Vincent d'Indy

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Vincent d'Indy, ~ 1895

Paul Marie Theodore Vincent d'Indy (27 March 1851–2 December 1931) was a French composer and music teacher.[1] Born in Paris, he was encouraged to learn music by his uncle who had studied with César Franck. D'Indy later also studied with Franck at the Paris Conservatoire.[1] He liked the music of Lizst, Beethoven and Wagner. He went to the first performance of Wagner's Ring at Bayreuth in 1876.[1] He organized performances of works by Rameau and Monteverdi whose work had been mostly forgotten.[1] He was a very conservative in his views on music, and after his proposed changes to the Conservatoire were ignored, he set up his own music school, the Schola Cantorum in 1894.[1][2]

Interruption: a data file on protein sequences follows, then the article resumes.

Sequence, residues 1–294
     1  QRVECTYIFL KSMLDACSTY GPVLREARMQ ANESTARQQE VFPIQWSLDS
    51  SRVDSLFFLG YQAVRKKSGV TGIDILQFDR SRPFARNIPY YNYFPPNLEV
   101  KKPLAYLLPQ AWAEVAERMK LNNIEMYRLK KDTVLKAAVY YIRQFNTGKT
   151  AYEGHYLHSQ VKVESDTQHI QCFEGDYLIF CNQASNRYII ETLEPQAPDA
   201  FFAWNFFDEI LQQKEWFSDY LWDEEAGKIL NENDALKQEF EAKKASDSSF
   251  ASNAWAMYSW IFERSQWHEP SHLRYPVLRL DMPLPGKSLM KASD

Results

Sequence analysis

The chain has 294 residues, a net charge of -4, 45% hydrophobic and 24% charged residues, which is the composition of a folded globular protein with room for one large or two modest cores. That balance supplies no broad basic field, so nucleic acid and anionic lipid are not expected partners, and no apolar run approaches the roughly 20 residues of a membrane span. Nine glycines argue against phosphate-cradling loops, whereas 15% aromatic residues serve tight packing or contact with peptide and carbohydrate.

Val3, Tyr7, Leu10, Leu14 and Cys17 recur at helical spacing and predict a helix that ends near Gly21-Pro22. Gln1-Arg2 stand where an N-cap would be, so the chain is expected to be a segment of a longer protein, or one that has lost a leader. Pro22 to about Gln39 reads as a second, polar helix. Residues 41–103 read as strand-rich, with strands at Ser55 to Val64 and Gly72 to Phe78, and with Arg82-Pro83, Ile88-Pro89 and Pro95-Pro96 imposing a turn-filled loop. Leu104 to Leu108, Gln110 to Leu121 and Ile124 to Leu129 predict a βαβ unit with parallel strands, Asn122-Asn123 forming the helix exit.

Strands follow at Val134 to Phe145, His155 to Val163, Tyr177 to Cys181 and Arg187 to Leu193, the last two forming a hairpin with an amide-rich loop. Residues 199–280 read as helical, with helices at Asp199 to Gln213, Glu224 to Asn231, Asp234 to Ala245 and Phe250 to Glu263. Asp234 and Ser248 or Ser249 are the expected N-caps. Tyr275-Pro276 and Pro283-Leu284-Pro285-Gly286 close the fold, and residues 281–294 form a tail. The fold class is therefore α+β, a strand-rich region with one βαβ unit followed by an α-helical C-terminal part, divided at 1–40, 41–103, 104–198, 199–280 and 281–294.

Works[change | change source]

He wrote a large number of musical compositions including operas, overtures, symphonies, choral works, piano works, string sextets, string quartets, folk song arrangements, and a cello sonata. One of his well known works is the "Symphonie sur un Chant Montagnard Français" (1886) ("Symphony on a French Mountain Song").[2]

He also wrote books including a biography of César Franck, and a book on how to write music.

References[change | change source]

  1. 1.0 1.1 1.2 1.3 1.4 "d'Indy, (Paul Marie Théodore) Vincent". The New Penguin Dictionary of Music. 2006. Retrieved 26 July 2011.
  2. 2.0 2.1 "Indy, Vincent d'". Chambers Biographical Dictionary. 2007. Retrieved 26 July 2011.